As back-to-school lunch and snack promotions heat up in July, COVID-19 continues to present retailers and retail dietitians with unique challenges, as does a less-than-stellar report card on children’s eating habits, based on national survey data.
As store operations transition to normal, many parents continue to feel uneasy about in-store shopping and remain faithful to online shopping, highlighting the need for retailers to strike the right balance between in-store and digital promotions.
Almost four in 10 (39%) consumers are still concerned about COVID-19 exposure when shopping in-person at the grocery store, with parents of school-age children (under 18) more likely to be concerned about exposure than those without children in that age group, according to the 2021 Food & Health Survey from the Washington, D.C.-based International Food Information Council (IFIC).
Not surprisingly, more people in general are shopping online compared with last year, with parents of school-age kids doing so more often, according to the IFIC survey. In 2021, 20% of respondents shop online at least weekly, compared with 11% in 2020, and 42% shop online at least monthly, compared with 33% in 2020. However, nearly a third (32%) of parents with children under the age of 18 grocery shop online at least weekly, compared with 16% of respondents without children under the age of 18. (The IFIC survey was fielded in late March 2021, so expect these findings to change as vaccination rates increase and COVID-19 cases decline).
While many children are headed back to a physical classroom, some will continue learning online or in a hybrid situation, creating the need for both brown bag and at-home lunch and snack ideas. Also, as many parents get back to packing lunch for their kids, they, too, are returning to in-person work. These time-strapped parents require speedy, convenient solutions like “twofer” dinner ideas that form the basis of the next day’s packed lunch or snack.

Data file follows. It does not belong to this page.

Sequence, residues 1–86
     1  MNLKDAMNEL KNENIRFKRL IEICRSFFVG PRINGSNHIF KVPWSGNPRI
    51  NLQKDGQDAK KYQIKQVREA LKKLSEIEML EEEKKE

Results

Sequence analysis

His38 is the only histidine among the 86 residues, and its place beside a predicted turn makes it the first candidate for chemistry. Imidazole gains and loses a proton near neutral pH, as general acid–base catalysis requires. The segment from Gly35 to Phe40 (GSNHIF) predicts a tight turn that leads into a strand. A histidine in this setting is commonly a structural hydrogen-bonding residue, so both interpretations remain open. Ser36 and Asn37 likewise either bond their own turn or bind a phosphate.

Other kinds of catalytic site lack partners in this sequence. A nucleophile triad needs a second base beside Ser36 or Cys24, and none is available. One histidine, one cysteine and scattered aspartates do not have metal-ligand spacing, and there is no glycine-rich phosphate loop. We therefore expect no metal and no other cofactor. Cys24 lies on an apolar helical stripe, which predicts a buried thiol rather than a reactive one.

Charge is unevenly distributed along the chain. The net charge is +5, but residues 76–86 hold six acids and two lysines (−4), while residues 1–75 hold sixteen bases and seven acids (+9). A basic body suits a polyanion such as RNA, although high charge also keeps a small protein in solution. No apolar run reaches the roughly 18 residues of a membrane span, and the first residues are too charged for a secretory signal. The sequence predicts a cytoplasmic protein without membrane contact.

On average, kids’ eating habits get a failing grade, according to the Healthy Eating Index, an overall measure of how dietary intakes align with key recommendations of the Dietary Guidelines for Americans, based on a score of 0 to (an ideal)100. For instance, the overall diets of kids ages 5 to 8 scored 55, ages 9 to 13 scored 52, and ages 14 to 18 scored 51.
Specifically, the 2020-25 Dietary Guidelines for Americans report that kids in all three age groups fall short on getting enough vegetables, whole grains and seafood, and, especially among ages 9 to 18, fruits and dairy. All ages consume more than the recommended amounts of saturated fat, sodium and added sugars.
To counter this, team up with your retail dietitians to develop tasty, kid-friendly lunch and snack promotions that help fill nutrition gaps and minimize problematic components. Additionally, toss in an always needed refresher on food safety basics to keep packed lunches and snacks safe.